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The law, LD 725, called “An Act to Recognize Local Control Regarding Food and Water Systems,” is written in two short parts. The first defines a local food system as a community food system within a municipality that integrates food production, processing, consumption, direct producer-to-consumer sales, and other traditional foodways. The second notes that “notwithstanding any other provision of law to the contrary, a municipal government may regulate by ordinance local food systems…and the state shall recognize such ordinances.”
Twenty Maine towns already have approved the ordinance, some even before it was enacted, with another 20 or so in the works, says Heather Retberg of Quill’s End Farm in Penobscot, Maine. Retberg, with her husband, runs a 105-acre beef, poultry, duck, lamb, raw milk, goat milk, pork, and egg farm. She was one of the leading advocates for getting the law passed.
“The ordinance exempts us from licensing and inspection for face-to-face sales,” she says. That means direct to consumer via a farm stand, for example. She, along with other farmers, figures that by selling directly to the consumer, they are assuring food quality and safety. Bad products will kill off repeat business from locals, she notes. Also, the food passes through fewer hands with such direct sales, also improving food safety.
What the new law also allows is the sale of home kitchen canned goods and baked goods in towns with an ordinance.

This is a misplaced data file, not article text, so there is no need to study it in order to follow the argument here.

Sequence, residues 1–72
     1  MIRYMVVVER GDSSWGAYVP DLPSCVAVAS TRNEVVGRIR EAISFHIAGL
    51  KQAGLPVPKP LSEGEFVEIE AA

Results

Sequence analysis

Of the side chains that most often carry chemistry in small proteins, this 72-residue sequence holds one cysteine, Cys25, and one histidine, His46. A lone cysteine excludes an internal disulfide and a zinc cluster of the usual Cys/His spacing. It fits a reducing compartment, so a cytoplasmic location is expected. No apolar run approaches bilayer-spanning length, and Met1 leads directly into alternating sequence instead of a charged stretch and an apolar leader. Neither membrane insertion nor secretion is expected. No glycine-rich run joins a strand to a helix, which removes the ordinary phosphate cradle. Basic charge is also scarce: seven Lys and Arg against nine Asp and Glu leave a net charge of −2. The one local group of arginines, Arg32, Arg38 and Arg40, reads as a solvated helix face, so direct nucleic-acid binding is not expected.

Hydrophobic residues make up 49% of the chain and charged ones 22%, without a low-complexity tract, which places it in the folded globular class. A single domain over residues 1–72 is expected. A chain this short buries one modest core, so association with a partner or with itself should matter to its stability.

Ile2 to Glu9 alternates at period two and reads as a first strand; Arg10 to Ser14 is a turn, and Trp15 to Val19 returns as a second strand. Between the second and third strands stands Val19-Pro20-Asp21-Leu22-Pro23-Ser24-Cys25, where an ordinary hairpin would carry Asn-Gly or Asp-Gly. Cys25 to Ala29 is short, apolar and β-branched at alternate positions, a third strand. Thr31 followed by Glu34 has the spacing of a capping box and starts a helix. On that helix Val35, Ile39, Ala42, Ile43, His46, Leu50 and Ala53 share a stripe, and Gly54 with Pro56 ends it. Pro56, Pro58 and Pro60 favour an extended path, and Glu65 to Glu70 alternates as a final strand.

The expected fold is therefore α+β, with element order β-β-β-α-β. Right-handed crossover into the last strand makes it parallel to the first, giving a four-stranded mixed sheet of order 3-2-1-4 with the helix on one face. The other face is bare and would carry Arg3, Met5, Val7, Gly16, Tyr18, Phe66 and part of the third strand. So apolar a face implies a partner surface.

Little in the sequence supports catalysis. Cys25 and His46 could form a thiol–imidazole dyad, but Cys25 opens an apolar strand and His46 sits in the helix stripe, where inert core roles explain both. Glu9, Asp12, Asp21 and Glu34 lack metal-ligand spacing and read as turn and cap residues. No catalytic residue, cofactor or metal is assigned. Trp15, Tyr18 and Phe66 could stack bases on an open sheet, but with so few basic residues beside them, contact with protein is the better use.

“If I have extra raspberries during a drought, I can sell jam to make money to buy hay for the pigs,” Retberg says, adding she is getting calls and has seen some farmers from outside the state move to Maine because of the local control of food. Maine laws in 2009 prevented the sale of such jams that weren’t made in a licensed commercial kitchen.
“This is about the public making decisions about direct public access to farm-raised foods,” she says. “People who buy from you can see how the farm is run and patronize us. You live and die on word of mouth.”
Jordan Pike of Two Toad Farm in Lebanon, Maine, which has yet to adopt the ordinance, says selling food locally is a way to strengthen the community, as people interact more and those who he previously couldn’t sell excess kale to, for example, he now can. He farms vegetables, chickens, turkeys, and pigs on 3 acres.
Pike, a former quality assurance manager at an international medical filtration plant, agrees with Retberg about the safety and quality local farmers and producers maintain to keep their business going.
But large dairies like Hood and the Maine Cheese Guild have opposed the ordinance, fearing unsafe products.
“It’s important, especially in the dairy industry, that farmers regularly test their products,” says Jessie Dowling, president of the Maine
Cheese Guild and a dairy farmer who runs Fuzzy Udder Creamery in Wakefield, Maine. “We feel there needs to be a line drawn for products sold off the farm. It’s one thing to sell a gallon of milk to a neighbor who knows you, but another to a tourist passing by who doesn’t know your dairy.” She says it’s very inexpensive to get a state license, which includes various tests.
Pike feels strongly that local farmers can assure their own quality. In a letter to LePage in early June, he wrote, “Before becoming a farmer, I managed a quality control lab in an FDA-regulated facility for a multinational. Managing seven inspectors on three shifts and having to sign off on over $1.5 million in medical product each month, it was a window into the minutia of regulation in a situation where it was needed. Farmers feeding neighbors is not where that approach belongs. Not at all.”